Believe it or not, that was 36 photos. Each second of video showed 3 photos (so the animation was 3 frames per second).

As a group, watch a few examples of stop-motion videos using different mediums. Ask members what they like about each and what differences they notice.

Stop-Motion Whiteboard Animation: The Marker Maker
Colton Plays Ball (Brickfilm made with Legos)
The Happy Gardener (clay)

After watching The Happy Gardener, ask members how many photos they think the video is composed of. You could ask every member for a guess. Yhe one who guesses the closest wins. (36 photos) Next, say: The video is 12 seconds long. How many photos are in each second? (3 photos)

For information on using stop-motion in a learning environment, read the article "Engage Elementary Students with Stop Motion" from the International Society for Technology in Education.


Take Tons of Photographs

Ready to start the show?

1.) Place your camera on a tripod pointing toward a well-lit area. If you don’t have a tripod, make your camera as stable as possible by setting it on something. Some stop motion animation videos are shot from above. If the items you’re using are paper or drawings, try to find a way to stabilize your camera or mobile device so that it sits directly above the items you want to animate.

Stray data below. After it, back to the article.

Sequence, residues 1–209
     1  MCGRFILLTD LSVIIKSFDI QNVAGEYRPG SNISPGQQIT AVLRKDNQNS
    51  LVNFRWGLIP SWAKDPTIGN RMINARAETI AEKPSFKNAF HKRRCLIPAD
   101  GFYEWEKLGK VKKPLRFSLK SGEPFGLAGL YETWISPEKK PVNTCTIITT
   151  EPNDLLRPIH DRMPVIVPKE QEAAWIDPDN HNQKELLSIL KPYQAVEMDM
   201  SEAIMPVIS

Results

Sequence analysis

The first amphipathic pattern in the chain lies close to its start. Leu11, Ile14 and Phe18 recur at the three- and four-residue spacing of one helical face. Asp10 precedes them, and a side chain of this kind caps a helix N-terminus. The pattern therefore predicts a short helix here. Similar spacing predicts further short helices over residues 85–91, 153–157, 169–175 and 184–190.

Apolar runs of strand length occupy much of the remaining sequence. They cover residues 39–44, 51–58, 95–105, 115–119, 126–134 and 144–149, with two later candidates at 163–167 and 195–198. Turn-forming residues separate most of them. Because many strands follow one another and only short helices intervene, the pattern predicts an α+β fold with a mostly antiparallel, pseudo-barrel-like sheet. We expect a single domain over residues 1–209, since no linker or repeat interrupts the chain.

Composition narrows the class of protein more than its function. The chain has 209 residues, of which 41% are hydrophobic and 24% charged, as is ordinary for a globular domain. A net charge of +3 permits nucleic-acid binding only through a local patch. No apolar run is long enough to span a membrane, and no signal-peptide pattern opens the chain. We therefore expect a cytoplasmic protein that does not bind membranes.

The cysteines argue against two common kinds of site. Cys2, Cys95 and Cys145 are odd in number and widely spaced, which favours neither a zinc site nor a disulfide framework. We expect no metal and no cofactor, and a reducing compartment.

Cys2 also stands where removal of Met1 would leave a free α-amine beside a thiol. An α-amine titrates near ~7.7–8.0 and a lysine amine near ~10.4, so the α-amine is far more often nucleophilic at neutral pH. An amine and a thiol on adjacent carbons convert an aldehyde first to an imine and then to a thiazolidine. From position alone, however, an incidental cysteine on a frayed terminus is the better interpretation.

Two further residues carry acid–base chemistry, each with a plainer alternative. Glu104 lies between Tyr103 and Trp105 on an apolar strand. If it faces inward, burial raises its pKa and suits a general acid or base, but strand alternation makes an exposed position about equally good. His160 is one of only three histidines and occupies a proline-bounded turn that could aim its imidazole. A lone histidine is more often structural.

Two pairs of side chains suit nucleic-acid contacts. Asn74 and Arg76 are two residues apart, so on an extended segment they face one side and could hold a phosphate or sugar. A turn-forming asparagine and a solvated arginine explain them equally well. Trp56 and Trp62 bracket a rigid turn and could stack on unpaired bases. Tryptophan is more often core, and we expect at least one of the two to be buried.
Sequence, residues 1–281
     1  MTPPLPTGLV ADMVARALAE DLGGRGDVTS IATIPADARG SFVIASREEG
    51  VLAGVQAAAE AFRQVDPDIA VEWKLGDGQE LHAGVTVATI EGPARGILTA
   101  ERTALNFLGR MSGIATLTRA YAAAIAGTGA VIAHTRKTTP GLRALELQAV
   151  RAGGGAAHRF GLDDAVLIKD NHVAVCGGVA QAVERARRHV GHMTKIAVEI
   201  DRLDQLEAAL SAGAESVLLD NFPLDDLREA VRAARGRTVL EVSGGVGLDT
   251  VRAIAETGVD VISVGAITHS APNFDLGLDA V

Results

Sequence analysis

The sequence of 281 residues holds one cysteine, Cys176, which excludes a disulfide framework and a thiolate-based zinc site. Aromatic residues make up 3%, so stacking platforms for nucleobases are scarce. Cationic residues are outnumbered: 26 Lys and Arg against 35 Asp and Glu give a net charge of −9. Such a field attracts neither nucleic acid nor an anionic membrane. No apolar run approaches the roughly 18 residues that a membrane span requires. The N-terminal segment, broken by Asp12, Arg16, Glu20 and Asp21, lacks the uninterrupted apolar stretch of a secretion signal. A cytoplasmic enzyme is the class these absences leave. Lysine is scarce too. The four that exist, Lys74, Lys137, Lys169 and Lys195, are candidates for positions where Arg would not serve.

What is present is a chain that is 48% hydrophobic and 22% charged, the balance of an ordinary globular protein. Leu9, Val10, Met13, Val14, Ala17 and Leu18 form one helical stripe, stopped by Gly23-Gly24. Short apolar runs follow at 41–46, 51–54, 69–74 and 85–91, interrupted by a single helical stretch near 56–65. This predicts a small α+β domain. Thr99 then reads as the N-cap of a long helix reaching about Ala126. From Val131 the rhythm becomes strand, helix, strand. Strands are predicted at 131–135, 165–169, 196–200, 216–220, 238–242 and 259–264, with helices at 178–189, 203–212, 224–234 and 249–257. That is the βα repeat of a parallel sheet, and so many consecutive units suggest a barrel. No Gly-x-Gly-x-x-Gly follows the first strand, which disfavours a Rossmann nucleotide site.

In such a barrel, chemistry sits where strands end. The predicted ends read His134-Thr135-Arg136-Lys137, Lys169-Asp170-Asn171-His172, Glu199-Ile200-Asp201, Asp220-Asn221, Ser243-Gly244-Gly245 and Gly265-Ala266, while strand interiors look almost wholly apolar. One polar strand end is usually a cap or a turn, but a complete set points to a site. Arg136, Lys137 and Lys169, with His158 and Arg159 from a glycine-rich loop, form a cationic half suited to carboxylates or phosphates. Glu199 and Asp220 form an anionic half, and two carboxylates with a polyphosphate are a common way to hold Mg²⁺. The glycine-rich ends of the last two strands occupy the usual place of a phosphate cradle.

2.) Set up your props. Take a photo.

3.) Move your props a TINY bit in the direction you want them to go. Take another photo.

4.) Continue making tiny adjustments and taking photos until your props have “acted out” the entire story (like in the images below). The idea is to move bit by bit toward the final goal. You’re going to end up with a ton of photos. Take your time. Moving too quickly or shaking the camera are two of the most common mistakes in stop-motion animation.

Show students the series of photographs to the left. When they are played one after the other, they become the movie "The Happy Gardener."

Talk through the checklist, in the section to the left, with members. Or give them a copy of the checklist and let them work through things on their own.


Produce Your Movie

Put all your photos on your computer.

-- If you are using a Mac, open iMovie and follow this tutorial.